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The Penguin Chronicles 2.0

Category Archives: The Penguin Chronicles 2.0

The Art of Aging

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It’s funny how your perspective changes. When the best I could do was run a 12-minute mile I thought that a 10 minute mile was fast. As I improved and could run a 10-minute mile I thought an 8-minute mile was fast. When I realized that I would never be able to consistently run an 8-minute mile I gave up trying to decide what fast was. It’s the same with getting older. When you’re young you want to be older. You want to be 16 so you can drive, or 21 so you can drink [legally!] The age when you…

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Part 3: What’s It’s Like Now

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What’s it like now? This simple answer is: I don’t know. But, then again, neither does anyone else. The running participants, the running events, the running industry, and the running ethos continue to change like the colors and shapes in a kaleidoscope. Just look at the options in shoes. For years Nike was the dominant brand. There were other, less well known brands, like Brooks and Asics and – if you had wide feet – New Balance. And then, if you knew as little as I did when started running, you wore Saucony “Jazz” because you liked jazz. Now you…

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Part 2: What Happened

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What happened? Simply put: WE happened. There was a giant community of runners and walkers who felt ignored by, or worse yet disdained by, the running industry. Many of us felt ashamed by how we looked, how slowly we ran or walked, and by the huge gap between what we were capable of and what we wanted to do.  To be honest, I never really, truly enjoyed running. Or, at least, not in the way that I enjoyed making music, or riding a motorcycle, or even riding a bicycle. Running was a constant battle between the strength of my will…

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Part 1: What It Was Like

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A Brief History of the Second Running Boom. The late, great, running writer and philosopher Dr. George Sheehan wrote that true effort galvanized the body, mind, and spirit. I agree. There is that moment at the very edge of one’s ability and preparation in which there seems to be a unity of all that we are. Where I disagree is in defining who is eligible to find that unity. Before Frank Shorter won the Olympic gold medal in the marathon in 1972 running was almost a secret activity. There were runners, of course, and there were running events, but it…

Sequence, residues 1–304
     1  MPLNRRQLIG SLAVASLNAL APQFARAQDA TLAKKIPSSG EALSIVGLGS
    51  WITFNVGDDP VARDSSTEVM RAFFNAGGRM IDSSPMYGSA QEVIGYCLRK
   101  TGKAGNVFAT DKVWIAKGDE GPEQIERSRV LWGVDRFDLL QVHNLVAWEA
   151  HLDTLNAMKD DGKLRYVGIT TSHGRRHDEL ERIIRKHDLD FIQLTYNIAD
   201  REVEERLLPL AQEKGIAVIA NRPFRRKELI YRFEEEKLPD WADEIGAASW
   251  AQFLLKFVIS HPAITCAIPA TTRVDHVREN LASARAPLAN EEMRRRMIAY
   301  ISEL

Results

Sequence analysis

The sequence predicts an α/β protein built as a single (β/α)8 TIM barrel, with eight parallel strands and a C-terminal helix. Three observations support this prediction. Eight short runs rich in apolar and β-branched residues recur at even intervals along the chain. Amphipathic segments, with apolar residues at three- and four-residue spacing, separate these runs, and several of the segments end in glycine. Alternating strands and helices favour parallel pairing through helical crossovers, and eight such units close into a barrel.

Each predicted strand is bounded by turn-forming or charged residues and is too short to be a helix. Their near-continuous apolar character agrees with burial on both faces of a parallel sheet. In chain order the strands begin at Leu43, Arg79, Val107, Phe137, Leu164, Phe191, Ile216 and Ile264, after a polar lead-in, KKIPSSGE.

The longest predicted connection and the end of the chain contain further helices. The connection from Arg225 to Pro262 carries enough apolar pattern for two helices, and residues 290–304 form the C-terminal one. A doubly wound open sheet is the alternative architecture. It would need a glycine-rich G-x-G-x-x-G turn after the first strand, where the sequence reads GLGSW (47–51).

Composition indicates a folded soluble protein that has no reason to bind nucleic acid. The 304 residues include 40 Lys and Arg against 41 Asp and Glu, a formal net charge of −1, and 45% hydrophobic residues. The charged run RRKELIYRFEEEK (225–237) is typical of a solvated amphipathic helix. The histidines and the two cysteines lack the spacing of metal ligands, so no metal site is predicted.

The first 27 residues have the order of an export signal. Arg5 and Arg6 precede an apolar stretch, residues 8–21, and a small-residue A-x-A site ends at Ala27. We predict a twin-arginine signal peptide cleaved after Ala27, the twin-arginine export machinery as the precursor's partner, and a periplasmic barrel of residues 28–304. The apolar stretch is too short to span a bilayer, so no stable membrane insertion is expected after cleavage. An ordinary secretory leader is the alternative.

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Starting Over

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It all began in the back seat of a Dodge mini-van coming back from a Half Ironman triathlon in Panama City, Florida. Somewhere in Alabama, while reflecting on my last place finish, the words “The miracle isn’t that I finished. The miracle is that I had the courage to start.” were written. And that, my friends, was the beginning of a 20 year journey of writing, speaking, and learning. [read the original column here] For those of you who don’t know the story: I posted my reflections on finishing last with an internet group called The Dead Runners Society, Marlene…

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The Penguin 2.0

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They say old writers never die, they’re just at a loss for words. After 14 years of columns for Runner’s World magazine, and 4 more for Competitor Magazine, I put the laptop down and figured I was finished. Well… maybe not. So stay tuned. I seems that there may be more that I want to say.

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